FIG. 8 is an exemplary diagram of the first device described above (the fluid delivery device 100) with specific dimensions shown for one particular embodiment of the invention. FIG. 8 is provided to give exact dimensions of one embodiment of the invention. It should be note that the units for this drawing are in inches. The symbol “Ø” before a dimension reflects that the dimension is a diameter. The letter “R” reflects a curvature radius dimension.

FIGS. 9A and 9B are illustrations of an additional embodiment of a fluid delivery device that attaches to a syringe. While FIG. 9A illustrates a side view of the fluid delivery device (an enteral tip), FIG. 9B illustrates a cutaway view of the fluid delivery device. The outer portion is formed to engage a syringe with a Luer and to mate with tubes of different overmolded dimensions while an internal conduit portion includes a circular disk barb that is operable to permanently adhere to a protruding male end of a syringe that is received by the fluid delivery device.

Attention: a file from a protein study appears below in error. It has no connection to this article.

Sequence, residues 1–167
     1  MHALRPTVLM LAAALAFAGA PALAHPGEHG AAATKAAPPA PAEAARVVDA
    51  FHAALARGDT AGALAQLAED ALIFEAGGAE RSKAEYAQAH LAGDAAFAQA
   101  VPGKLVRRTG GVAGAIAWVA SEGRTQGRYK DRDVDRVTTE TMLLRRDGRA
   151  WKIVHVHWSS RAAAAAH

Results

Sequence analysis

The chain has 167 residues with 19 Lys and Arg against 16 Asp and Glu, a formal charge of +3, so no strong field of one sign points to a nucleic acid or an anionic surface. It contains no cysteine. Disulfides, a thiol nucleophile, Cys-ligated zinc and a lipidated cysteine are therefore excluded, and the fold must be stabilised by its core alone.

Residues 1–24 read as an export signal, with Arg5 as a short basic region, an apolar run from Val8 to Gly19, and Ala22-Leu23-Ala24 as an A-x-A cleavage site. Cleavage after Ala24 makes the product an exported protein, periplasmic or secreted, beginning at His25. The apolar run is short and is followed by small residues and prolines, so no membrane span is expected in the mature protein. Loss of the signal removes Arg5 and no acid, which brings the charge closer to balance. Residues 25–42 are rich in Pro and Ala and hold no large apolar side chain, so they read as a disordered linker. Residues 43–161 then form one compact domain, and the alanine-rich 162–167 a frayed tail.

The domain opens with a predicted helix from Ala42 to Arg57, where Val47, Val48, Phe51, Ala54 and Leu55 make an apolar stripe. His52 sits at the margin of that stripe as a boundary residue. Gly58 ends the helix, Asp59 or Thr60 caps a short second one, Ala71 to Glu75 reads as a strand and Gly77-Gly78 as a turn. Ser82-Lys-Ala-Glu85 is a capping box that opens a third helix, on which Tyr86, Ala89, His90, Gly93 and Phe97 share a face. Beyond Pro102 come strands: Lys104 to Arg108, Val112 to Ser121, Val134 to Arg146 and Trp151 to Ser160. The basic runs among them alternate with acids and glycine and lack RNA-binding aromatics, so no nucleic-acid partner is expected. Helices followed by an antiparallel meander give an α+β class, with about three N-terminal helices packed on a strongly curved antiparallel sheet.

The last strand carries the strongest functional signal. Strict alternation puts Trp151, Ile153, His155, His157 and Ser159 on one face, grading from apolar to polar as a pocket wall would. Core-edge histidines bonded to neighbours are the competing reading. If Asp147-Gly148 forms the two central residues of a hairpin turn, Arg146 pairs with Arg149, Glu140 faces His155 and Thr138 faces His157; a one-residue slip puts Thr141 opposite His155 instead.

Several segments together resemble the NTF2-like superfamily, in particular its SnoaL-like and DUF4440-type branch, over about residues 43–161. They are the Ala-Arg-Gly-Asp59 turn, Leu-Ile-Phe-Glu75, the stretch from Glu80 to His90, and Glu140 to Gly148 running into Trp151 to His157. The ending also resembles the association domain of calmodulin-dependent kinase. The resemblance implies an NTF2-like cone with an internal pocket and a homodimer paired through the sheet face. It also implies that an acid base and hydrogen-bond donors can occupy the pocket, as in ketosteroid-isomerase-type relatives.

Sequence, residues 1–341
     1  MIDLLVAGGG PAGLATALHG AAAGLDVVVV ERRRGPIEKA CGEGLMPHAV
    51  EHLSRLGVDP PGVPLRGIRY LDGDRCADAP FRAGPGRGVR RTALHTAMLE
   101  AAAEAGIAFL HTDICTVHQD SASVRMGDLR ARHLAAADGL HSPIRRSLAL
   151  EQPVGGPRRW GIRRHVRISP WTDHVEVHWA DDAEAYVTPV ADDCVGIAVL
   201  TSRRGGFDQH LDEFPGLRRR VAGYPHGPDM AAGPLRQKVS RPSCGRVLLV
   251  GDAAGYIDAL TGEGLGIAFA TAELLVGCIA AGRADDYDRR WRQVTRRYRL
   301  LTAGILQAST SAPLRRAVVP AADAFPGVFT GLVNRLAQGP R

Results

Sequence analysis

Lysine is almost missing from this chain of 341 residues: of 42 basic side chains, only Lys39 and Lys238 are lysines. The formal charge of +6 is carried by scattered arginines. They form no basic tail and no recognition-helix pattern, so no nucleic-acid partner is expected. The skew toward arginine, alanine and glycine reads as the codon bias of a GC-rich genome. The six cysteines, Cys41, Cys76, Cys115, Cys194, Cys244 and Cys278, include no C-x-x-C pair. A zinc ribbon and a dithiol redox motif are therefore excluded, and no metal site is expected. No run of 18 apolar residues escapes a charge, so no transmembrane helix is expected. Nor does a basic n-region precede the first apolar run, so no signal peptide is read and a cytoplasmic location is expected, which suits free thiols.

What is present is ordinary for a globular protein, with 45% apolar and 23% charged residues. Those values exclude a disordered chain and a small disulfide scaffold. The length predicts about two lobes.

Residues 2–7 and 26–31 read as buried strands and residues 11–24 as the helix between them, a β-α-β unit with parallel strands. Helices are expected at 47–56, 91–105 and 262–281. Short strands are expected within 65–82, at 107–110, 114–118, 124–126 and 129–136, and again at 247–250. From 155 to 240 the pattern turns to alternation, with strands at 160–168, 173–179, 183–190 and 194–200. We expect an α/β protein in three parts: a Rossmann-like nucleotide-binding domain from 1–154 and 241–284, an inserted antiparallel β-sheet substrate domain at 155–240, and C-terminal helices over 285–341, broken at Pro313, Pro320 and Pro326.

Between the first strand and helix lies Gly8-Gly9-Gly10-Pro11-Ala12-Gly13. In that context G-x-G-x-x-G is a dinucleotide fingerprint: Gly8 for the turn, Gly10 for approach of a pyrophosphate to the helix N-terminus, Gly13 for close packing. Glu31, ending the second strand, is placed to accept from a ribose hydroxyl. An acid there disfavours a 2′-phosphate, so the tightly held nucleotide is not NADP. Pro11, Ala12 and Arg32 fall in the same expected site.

FIG. 10 is a diagram that illustrates a fluid delivery system that includes a syringe and a separate fluid delivery device (enteral tip) according to one embodiment of the invention. As may be seen, a syringe 180 and fluid delivery device 158 are shown unattached. The fluid delivery device 158 includes a female connector end that is sized to matingly receive the male end of the syringe 180 and comprises (wherein the fluid delivery device forms) an output port (male connector end) that is sized to not mate with I.V. ports as described herein this specification.